1) Were the comments "manifestly intended" to reflect the accused's silence or of such a character that the jury would "naturally and necessarily" take them as such;
2) Were the remarks isolated or extensive;
3) Was the evidence of guilt otherwise overwhelming;
4) What curative instructions were given, and when.
We are convinced that the comments of the prosecutor were not "manifestly intended" to reflect on the defendant's failure to testify. See Steele v. Taylor, 684 F.2d 1193, 1204 (6th Cir. 1982), cert. denied. 460 U.S. 1053, 103 S.Ct. 1501, 75 L.Ed.2d 932 (1983) ("Manifest intent will not be found `if some other explanation for his remark is equally possible,'" quoting Robinson, 651 F.2d at 1197). We are further convinced that the jury would not have taken the prosecutor's statements to have been comments on Moore's failure to testify since Morse did testify, because the prosecutor made it clear that his argument was aimed at the proof that he stated he would present in proving the "story of a bank [sic] robbery."
The second factor mandates an inquiry into the scope of the remarks. The remarks were an isolated incident during the prosecutor's initial closing argument.
The third factor addresses the weight of the evidence against Moore. The evidence of guilt is very strong. The testimony of Vonda Jorgensen and John Moore, George Moore's brother, was consistent in the factual circumstances involving the events of the robbery and events that occurred after the robbery of the Waddy Post Office. Further, the testimony of the eye witnesses, Judy Mackey and Linda Waites, unmistakably put Moore at the scene of the robbery as a participant. Considering the totality of the evidence, we conclude for the purpose of this analysis that the evidence was overwhelming against Moore.
The fourth factor to consider in evaluating the prosecutor's comments is whether any curative instructions were given and if so, when were they given. Although no curative instructions were given immediately after the comments were made, curative instructions were given as part of the regular jury instructions in which at least three (3) times the jury was admonished that the Government has the burden of proving [the defendants] guilty beyond a reasonable doubt. We believe and therefore hold that the prosecutor's comments, viewed in the context they were made, did not rise to a Griffin violation.
D. Jury Instructions
Moore claims the district court erred in several respects in instructing the jury. As a result, Moore claims his conviction should be reversed. We disagree.
Moore argues the district court erred by failing to set forth all of the necessary elements required to prove the offense of armed post office robbery pursuant to 18 U.S.C. § 2114. At the time of the offense, 18 U.S.C. § 2114 provided as follows:
Whoever assaults any person having lawful charge, control, or custody of any mail matter or of any money or other property of the United States, with intent to rob, steal, or purloin such mail matter, money, or other property of the United States, or robs any such person of mail matter, or of any money, or other property of the United States, shall, for the first offense, be imprisoned not more than ten years; and if in effecting or attempting to effect such robbery he wounds the person having custody of such mail, money, or other property of the United States or puts his life in jeopardy by the use of a dangerous weapon, or for a subsequent offense, shall be imprisoned twenty-five years.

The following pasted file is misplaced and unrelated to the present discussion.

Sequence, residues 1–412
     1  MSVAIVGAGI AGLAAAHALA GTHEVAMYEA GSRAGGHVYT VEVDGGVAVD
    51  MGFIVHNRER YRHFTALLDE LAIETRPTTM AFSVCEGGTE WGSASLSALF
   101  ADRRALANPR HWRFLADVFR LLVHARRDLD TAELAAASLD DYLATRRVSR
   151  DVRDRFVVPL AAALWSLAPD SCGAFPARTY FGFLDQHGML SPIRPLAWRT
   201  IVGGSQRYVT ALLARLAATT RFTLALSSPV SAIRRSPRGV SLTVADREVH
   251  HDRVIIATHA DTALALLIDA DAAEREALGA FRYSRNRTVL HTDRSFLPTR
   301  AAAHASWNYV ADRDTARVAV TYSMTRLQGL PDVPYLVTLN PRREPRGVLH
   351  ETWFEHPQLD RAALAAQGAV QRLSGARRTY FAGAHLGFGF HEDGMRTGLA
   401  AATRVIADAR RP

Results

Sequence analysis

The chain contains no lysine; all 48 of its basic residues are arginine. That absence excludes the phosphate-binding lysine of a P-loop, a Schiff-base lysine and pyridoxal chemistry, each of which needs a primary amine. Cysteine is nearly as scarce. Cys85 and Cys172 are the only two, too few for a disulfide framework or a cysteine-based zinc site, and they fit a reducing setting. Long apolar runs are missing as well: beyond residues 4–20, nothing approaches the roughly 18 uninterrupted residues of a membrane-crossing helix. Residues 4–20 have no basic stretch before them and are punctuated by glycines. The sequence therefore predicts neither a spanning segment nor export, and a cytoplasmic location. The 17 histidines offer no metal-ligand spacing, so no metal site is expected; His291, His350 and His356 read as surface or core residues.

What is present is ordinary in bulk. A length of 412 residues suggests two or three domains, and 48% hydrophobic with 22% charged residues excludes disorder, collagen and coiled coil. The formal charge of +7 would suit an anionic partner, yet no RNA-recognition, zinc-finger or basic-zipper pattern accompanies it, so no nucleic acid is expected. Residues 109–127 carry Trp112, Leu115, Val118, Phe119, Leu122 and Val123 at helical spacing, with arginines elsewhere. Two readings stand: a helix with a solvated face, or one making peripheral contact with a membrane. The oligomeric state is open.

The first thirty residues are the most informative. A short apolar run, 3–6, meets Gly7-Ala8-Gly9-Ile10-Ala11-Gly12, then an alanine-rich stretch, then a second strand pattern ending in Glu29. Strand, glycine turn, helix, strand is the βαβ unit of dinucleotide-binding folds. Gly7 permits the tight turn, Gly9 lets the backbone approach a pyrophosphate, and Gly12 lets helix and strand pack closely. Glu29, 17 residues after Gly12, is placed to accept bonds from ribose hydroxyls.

Based upon the above statute, Moore was charged in Count I of the indictment as follows:
That on or about the 23rd day of March, 1987, at Waddy, in the Eastern District of Kentucky, Charles R. Morse and George E. Moore, aided and abetted by each other, did rob Linda, Waites, Postmaster of the Waddy, Kentucky, Post Office, and take from the person and presence of Linda Waites money and other property of the United States; and in effecting such robbery did use a dangerous weapon and put in jeopardy the lives of Linda Waites and rural letter carrier, Judy Mackey; in violation of Title 18, United States Code, Section 2114, and Title 18, United States Code, Section 2.
At the time of the robbery of the Post Office, Linda Waites was the Postmaster and was on duty. During the trial, both Waites and Mackey testified that Linda Waites was the Postmaster and was on duty during the robbery. Moore contends the district court committed reversible error in its instructions to the jury. First, because the district court did not require the jury to find that Linda Waites or Judy Mackey were in lawful charge, control or custody . . . of any money or property of the United States.
The district court instructed the jury with regard to Count I of the indictment as follows:
The defendant is charged in Count I with violations of Title 28, Section 2114 and 2. Section 2114 of the United States Code provides in part as follows: Whoever robs any person having lawful charge, control or custody of any money or other property of the United States and puts in jeopardy the life of such person by the use of a dangerous weapon shall be guilty of an offense against the United States.
Section 2 of Title 18 provides as follows: Principals. A. Whoever commits an offense against the United States or aids, abets, counsels, commands, induces or procures its commission, is punishable as a principal. B. Whoever wilfully causes an act to be done which if directly performed by him or another would be an offense against the United States, is punishable as a principal.